Anyone for sherry?
Cold, dry manzanilla is the ideal aperitif when the weather hots up
Sanlúcar de Barrameda is a particularly bright spot on the Costa de la Luz (Coast of Light) along south-west Spain’s Atlantic seaboard. On a recent visit the wide mouth of the Guadalquivir river was the most exquisite blue, the sand hot and white. And my drink matched it all for intensity and sharply angled flavours –a copita ( small glass) of the local fortified wine: cold, lemon-tangy, salty-fresh manzanilla sherry.
Manzanilla is a lot like fino, the other (better known) bone-dry, pale sherry made inland in Jerez. But by the sea the natural yeasts that form on the sherry in the barrel vary, giving a slightly lighter, more crisp and saline note. Cold manzanilla makes a brilliant match for seafood, salted nuts and thinly sliced premium jamón.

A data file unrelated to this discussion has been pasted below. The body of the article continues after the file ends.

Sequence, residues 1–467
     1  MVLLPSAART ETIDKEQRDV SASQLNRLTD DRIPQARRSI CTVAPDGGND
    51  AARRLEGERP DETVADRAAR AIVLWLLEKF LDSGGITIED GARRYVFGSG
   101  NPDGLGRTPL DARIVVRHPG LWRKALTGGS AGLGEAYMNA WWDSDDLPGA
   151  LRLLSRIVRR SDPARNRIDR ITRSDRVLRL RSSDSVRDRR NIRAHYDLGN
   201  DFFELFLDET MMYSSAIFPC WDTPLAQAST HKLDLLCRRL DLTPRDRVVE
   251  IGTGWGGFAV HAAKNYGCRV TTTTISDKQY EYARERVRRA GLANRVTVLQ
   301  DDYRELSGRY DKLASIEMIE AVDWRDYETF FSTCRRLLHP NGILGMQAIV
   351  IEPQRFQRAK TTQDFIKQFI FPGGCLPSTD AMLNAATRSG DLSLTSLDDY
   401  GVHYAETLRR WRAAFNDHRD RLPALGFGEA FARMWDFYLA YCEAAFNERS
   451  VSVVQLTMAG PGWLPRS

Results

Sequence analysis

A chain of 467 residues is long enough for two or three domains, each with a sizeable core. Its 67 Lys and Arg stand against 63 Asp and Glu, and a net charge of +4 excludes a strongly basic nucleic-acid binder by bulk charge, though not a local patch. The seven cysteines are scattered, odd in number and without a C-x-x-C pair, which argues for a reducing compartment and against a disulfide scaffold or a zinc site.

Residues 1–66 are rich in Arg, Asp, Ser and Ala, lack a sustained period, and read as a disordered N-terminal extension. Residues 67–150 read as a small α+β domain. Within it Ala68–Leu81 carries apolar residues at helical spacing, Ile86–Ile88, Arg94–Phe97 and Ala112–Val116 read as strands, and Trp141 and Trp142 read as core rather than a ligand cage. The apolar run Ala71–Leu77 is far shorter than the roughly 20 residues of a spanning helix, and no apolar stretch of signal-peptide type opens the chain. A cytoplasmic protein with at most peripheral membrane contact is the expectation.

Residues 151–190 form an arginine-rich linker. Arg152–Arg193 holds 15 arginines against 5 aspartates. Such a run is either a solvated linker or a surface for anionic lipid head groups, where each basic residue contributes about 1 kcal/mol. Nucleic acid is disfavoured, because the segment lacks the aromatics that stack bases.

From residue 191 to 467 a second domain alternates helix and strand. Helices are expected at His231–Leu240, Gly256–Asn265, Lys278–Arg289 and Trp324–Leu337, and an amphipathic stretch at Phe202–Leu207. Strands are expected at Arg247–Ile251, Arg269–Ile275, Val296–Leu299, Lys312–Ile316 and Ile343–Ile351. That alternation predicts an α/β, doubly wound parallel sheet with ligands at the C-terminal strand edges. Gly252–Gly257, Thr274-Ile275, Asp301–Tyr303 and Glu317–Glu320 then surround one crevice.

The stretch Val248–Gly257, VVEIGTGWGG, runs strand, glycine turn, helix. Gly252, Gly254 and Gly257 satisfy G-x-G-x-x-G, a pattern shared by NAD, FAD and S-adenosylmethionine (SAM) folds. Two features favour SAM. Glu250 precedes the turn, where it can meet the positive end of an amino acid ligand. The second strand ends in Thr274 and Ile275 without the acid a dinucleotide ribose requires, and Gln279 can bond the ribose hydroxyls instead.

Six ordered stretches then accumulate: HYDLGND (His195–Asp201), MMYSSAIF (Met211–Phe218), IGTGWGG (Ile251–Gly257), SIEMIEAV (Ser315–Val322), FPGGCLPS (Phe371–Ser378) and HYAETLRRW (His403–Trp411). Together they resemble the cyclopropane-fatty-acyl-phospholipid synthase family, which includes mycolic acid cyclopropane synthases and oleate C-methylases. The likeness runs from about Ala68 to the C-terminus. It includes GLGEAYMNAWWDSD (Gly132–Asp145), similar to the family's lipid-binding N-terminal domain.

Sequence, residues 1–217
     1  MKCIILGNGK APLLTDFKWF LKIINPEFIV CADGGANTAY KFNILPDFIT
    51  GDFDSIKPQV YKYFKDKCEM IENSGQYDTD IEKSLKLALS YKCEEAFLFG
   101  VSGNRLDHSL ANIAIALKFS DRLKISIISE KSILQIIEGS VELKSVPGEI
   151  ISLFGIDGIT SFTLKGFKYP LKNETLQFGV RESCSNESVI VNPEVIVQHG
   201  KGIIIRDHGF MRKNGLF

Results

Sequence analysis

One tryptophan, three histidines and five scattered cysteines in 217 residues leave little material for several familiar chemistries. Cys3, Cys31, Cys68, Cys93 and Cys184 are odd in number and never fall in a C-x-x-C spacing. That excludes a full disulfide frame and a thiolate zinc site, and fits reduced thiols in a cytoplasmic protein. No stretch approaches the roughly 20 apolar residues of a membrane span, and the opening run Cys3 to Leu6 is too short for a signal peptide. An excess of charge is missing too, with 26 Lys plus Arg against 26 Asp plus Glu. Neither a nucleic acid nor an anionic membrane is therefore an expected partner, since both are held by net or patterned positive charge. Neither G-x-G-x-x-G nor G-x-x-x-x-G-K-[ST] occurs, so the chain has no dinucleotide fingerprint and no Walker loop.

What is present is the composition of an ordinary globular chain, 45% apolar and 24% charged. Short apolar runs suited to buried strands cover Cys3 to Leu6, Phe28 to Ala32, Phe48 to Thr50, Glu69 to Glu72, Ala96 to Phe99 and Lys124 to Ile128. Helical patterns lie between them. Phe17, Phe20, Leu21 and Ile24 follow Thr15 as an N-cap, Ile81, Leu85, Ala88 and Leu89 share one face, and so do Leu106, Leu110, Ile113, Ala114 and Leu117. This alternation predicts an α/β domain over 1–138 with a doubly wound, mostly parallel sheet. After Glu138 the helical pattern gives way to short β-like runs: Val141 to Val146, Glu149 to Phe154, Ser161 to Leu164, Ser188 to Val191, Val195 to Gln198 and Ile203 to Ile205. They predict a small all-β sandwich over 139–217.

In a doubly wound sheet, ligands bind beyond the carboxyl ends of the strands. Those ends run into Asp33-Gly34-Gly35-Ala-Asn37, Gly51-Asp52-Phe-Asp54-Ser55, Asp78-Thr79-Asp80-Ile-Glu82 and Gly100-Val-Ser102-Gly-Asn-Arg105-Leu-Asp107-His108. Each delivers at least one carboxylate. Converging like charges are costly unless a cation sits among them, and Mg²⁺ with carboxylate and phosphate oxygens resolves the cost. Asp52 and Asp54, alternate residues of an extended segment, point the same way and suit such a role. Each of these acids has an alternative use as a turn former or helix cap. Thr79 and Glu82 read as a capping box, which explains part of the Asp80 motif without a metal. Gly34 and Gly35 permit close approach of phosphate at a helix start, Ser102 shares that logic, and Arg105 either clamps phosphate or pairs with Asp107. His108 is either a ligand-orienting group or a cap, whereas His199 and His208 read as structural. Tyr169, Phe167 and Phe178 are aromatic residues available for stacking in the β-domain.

I fled the heat by retreating to the huge, dark Barbadillo bodega cellars, tasting their flagship manzanilla, called Solear, directly from the cask with winemaker Montse Molina. She ages it there for six years before bottling; the aromas of appley white wine and yeasty bread dough fill the cool cellar, damp wall to damp wall.
Manzanilla is the perfect hot-weather aperitif, waking up a jaded palate like little else. It’s wonderful to see sherries like these gradually coming back into fashion. But chill it well and don’t keep it long once opened – two or three days maximum or it will lose its zest. Half bottles make a lot of sense.